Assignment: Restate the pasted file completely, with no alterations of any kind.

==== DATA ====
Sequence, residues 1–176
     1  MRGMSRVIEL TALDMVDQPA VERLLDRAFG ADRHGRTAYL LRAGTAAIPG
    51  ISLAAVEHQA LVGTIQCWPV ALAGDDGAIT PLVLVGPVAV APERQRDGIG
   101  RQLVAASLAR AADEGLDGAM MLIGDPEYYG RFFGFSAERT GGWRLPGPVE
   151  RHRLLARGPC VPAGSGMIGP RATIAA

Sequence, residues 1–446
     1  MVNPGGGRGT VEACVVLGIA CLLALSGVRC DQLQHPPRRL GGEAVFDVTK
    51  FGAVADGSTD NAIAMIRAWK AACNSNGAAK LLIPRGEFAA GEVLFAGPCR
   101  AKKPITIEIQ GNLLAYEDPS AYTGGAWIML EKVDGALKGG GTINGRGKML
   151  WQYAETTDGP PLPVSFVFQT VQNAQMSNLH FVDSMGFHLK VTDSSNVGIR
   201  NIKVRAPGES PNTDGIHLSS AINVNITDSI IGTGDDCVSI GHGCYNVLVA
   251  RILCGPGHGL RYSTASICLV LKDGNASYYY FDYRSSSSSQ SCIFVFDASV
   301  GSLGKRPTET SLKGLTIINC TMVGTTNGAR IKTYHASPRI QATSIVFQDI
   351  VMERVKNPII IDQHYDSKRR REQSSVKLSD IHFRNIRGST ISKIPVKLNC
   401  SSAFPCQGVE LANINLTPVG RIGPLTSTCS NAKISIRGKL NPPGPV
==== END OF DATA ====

Sequence, residues 1–176
     1  MRGMSRVIEL TALDMVDQPA VERLLDRAFG ADRHGRTAYL LRAGTAAIPG
    51  ISLAAVEHQA LVGTIQCWPV ALAGDDGAIT PLVLVGPVAV APERQRDGIG
   101  RQLVAASLAR AADEGLDGAM MLIGDPEYYG RFFGFSAERT GGWRLPGPVE
   151  RHRLLARGPC VPAGSGMIGP RATIAA

Sequence, residues 1–446
     1  MVNPGGGRGT VEACVVLGIA CLLALSGVRC DQLQHPPRRL GGEAVFDVTK
    51  FGAVADGSTD NAIAMIRAWK AACNSNGAAK LLIPRGEFAA GEVLFAGPCR
   101  AKKPITIEIQ GNLLAYEDPS AYTGGAWIML EKVDGALKGG GTINGRGKML
   151  WQYAETTDGP PLPVSFVFQT VQNAQMSNLH FVDSMGFHLK VTDSSNVGIR
   201  NIKVRAPGES PNTDGIHLSS AINVNITDSI IGTGDDCVSI GHGCYNVLVA
   251  RILCGPGHGL RYSTASICLV LKDGNASYYY FDYRSSSSSQ SCIFVFDASV
   301  GSLGKRPTET SLKGLTIINC TMVGTTNGAR IKTYHASPRI QATSIVFQDI
   351  VMERVKNPII IDQHYDSKRR REQSSVKLSD IHFRNIRGST ISKIPVKLNC
   401  SSAFPCQGVE LANINLTPVG RIGPLTSTCS NAKISIRGKL NPPGPV